Using Zoom for practices also helped them prepare because the competition was held virtually. This allowed the students to familiarize themselves with using online technology for presenting at trial as well as preparing for any technical issues that might arise.
“Using Zoom in class helped in that we were familiar with communicating in a virtual forum,” Dunlap said. “However, since there is no screen sharing in class, we didn’t have experience presenting evidence virtually.”
The team was quick to credit those who helped them prepare. BLSA President Altimease Lowe made them aware of the competition and recruited the team. Lethia Washington, a third-year student at Bowen who is on the law school’s trial team, helped with skill development. Professor Robert Minarcin, the director of Bowen’s lawyering skills program and trial team, included the team in his lawyering skills workshops and made himself available for questions at all hours — even during the competition.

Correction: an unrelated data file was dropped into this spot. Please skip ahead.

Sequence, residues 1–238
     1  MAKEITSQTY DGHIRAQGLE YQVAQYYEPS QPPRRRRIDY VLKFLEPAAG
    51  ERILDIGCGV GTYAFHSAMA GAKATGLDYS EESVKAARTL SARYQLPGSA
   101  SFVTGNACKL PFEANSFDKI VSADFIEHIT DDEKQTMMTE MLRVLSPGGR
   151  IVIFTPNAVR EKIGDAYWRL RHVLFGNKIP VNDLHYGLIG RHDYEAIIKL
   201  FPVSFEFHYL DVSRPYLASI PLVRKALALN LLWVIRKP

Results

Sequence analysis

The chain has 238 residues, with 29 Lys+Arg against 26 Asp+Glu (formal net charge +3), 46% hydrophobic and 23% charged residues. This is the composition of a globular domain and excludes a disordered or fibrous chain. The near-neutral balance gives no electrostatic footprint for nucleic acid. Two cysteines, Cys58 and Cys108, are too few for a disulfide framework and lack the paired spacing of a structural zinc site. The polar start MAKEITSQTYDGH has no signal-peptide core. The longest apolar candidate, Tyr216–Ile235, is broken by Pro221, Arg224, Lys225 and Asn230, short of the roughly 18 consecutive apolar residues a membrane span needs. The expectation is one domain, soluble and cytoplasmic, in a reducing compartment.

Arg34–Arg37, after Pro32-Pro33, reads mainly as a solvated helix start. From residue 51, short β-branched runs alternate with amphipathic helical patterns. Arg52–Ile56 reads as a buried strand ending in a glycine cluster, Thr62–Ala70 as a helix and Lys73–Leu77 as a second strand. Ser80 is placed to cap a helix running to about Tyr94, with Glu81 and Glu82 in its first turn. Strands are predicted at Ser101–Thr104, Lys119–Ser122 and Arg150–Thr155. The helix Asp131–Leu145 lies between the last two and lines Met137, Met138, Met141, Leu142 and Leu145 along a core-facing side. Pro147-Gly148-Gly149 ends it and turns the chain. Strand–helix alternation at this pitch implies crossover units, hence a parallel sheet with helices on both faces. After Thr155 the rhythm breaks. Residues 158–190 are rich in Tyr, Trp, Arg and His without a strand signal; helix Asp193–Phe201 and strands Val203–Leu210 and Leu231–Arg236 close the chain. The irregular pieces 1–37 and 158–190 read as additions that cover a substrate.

The students were most grateful to their coach. Forrest, who is a Jacksonville native, attended law school at Texas Southern University Thurgood Marshall School of Law in Houston. He competed on the BLSA trial team there.
“Marshall practices for trial the same way players practice football—every day,” Forrest said. “It is very competitive.”
Forrest met Bowen’s current BLSA leadership when, as a student, he was serving as a national BLSA officer coordinating the national convention. The year he served, the convention was held at Bowen.
With his experience as a competitor and his practice experience in trial work, he was excited to coach the team.
“I had a great time,” Forrest said. “What made it wonderful was how well the students took feedback. They want to be trial lawyers, and they want to learn.”
The entire team is returning to compete next year, and they’re determined to make it to the finals. They also plan to make this competition a tradition for their chapter. They’ve even begun recruiting for a second team.
“I have no doubt that they’ll place next year,” Forrest said. “They were naturals at this.”